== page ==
Phytoplankton bloom in the Black Sea

Phytoplankton bloom in the Black Sea
  • Credit:

    Jacques Descloitres, MODIS Land Rapid Response Team, NASA/GSFC

Brightly colored waters in the Black Sea give evidence of the growth of tiny marine plants called phytoplankton, which contain chlorophyll and other pigments that reflect light different ways, producing the colorful displays. The very bright blue waters could be an organism called a coccolithophores, which has a highly reflective calcium carbonate coating that appears bright blue (or sometimes white) in true-color (visible) imagery. However, other organisms, such as cyanobacteria can also appear that color, and so often scientists will compare the ratios of reflectance at one wavelength of light to another to decide what organisms might be present. This series of images shows a bloom occurring in the Black Sea from May 11, 2002, to May 18.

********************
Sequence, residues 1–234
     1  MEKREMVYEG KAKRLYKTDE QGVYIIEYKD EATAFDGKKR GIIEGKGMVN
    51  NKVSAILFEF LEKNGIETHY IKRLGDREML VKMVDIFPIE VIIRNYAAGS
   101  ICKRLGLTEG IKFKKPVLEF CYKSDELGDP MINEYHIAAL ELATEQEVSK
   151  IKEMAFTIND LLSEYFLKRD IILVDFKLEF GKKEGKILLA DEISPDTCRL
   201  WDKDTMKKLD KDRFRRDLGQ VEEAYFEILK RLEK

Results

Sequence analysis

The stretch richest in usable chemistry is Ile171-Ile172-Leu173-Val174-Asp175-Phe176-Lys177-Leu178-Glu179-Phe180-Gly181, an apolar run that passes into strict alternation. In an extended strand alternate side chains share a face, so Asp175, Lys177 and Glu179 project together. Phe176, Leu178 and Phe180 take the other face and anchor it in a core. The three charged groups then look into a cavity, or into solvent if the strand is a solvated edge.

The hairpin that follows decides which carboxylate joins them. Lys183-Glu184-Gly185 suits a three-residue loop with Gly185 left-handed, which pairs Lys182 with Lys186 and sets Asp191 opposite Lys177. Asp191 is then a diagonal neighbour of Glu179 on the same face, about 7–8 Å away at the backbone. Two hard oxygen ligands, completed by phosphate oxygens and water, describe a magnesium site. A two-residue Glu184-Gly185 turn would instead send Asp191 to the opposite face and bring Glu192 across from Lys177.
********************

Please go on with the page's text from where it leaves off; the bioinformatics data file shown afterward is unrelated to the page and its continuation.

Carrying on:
Images & Animations

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Metadata

  • Data Date:

    May 18, 2002
  • Visualization Date:

    May 24, 2002
  • Sensor(s):

    Terra - MODIS
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NASA - National Aeronautics and Space Administration